No.8 seed Serena Williams aced her opening round test against Maria Sharapova at the US Open, and afterward revealed the key to staying dominant from the start.
Stephanie Livaudais
August 27, 2019

NEW YORK, NY, USA - For 59 minutes on Monday night, Serena Williams was nearly untouchable. 

In a highly anticipated US Open first-round clash, it was No.8 seed Serena who emerged victorious over longtime rival Maria Sharapova. The 23-time Grand Slam champion dominated from the start, and quickly added the 6-1, 6-1 rout to her head-to-head haul, extending her dominance over Sharapova to 20-2.

Read more: Serena subdues Sharapova in US Open first-round nightcap

“I just feel like her game really matches up well against mine,” Serena explained in her post-match press conference. “I always said her ball somehow lands in my strike zone. I don't know. It's just perfect for me.”

Understanding exactly how well Serena plays against Sharapova involves looking further than the 6-1, 6-1 number, or the even more daunting 20-2 number.

Serena Williams (Jimmie48 Photography/WTA)
Serena Williams speaks after her first-round match against Maria Sharapova at the US Open. (Jimmie48 Photography/WTA)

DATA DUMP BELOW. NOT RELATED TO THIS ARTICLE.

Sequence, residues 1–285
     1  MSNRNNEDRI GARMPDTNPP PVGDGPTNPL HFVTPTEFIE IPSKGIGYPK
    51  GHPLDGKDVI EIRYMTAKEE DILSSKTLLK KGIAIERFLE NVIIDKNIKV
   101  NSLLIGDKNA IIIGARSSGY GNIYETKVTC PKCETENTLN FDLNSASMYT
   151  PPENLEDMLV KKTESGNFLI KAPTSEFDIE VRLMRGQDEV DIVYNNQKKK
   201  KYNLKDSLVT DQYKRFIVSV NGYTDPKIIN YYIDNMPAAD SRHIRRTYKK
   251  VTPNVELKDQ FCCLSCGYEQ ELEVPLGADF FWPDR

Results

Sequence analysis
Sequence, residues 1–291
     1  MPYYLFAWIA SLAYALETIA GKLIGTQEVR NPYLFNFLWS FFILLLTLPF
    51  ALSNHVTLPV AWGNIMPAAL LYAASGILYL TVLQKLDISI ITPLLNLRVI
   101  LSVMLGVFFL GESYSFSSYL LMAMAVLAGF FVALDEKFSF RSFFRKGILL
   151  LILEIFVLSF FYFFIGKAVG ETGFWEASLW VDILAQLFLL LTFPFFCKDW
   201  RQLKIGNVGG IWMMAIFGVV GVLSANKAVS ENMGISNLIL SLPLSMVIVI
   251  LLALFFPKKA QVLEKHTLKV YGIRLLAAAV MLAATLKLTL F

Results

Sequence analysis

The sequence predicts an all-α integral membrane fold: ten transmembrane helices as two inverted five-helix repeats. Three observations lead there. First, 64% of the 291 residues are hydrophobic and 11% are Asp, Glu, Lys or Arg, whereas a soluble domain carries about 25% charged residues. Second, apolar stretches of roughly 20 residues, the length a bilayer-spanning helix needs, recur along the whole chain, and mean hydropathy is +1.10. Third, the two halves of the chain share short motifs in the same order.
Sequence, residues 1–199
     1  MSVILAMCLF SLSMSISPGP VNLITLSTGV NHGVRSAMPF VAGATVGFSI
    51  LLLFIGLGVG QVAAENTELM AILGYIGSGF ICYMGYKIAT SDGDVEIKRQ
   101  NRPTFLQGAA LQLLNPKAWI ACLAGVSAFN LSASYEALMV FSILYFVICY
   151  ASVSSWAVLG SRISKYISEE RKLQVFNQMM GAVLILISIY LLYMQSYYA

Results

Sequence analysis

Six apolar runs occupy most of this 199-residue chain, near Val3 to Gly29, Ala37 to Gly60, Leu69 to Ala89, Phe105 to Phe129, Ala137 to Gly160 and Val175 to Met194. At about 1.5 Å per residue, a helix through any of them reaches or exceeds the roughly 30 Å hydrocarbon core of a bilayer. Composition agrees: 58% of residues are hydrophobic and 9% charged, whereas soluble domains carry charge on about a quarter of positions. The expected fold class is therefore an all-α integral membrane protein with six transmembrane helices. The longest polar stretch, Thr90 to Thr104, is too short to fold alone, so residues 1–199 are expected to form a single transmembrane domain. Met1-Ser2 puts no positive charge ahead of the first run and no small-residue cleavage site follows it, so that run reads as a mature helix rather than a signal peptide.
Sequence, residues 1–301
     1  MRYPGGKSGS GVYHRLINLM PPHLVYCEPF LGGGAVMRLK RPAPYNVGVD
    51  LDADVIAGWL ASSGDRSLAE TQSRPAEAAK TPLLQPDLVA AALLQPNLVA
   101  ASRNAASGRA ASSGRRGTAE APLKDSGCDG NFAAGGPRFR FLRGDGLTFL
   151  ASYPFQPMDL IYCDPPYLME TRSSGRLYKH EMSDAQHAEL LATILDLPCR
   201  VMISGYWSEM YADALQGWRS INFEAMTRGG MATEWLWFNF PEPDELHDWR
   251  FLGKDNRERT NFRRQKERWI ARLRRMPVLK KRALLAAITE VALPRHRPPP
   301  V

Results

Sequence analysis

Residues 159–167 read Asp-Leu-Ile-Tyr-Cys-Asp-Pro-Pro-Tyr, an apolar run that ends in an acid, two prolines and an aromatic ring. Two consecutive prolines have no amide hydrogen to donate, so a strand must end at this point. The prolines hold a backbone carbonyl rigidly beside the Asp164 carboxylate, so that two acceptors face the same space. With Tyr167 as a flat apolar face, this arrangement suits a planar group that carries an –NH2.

Tonight, Serena had an answer for everything that Sharapova sent her way: she scored more than twice the winners (16 for Serena, six for Sharapova), made fewer unforced errors (12 to 20) and out-aced her opponent five to one. 

Even more impressively, Serena’s serve was not broken once, with the American saving all five break points faced in the second set. She also didn’t allow Sharapova any breathing room on her own serve: Serena won 100% of points off of the Russian’s second serves. 

Read more: 'It's never an easy road' - Sharapova plans smart schedule after Serena defeat at US Open

“I think I was able to zone in, especially down breakpoints, not letting her in the match because she's the kind of player that keeps going,” Serena said of her dominant performance. “Even towards the end, she just wants to keep fighting. One point here or there, she could have won at least another game. 

“I wanted to make sure I stayed focused.”

Serena Williams (Getty Images)
Serena celebrates after her first-round win. (Getty Images)

For Serena, who has not lost to Sharapova since 2004, it was nevertheless a tough opening round test after struggling with a back injury earlier in the summer. She was forced to retire due to painful back spasms in the final of the Rogers Cup in Toronto, trailing Andreescu 3-1, and then chose to skip Cincinnati in favor of more rest and training. 

She also shrugged off comments about the merits of the term ‘rivalry’, and acknowledged that the blockbuster opener might be exactly what she needed to get her US Open campaign off on the right foot. 

“It's really important because it's good to have tough matches,” Serena said. “Well, it's good to get through tough matches, especially for me. I really sometimes tend to start slow. It actually almost helps me.”

Up next, Serena Williams continues her US Open campaign in the second round against American wildcard Catherine McNally.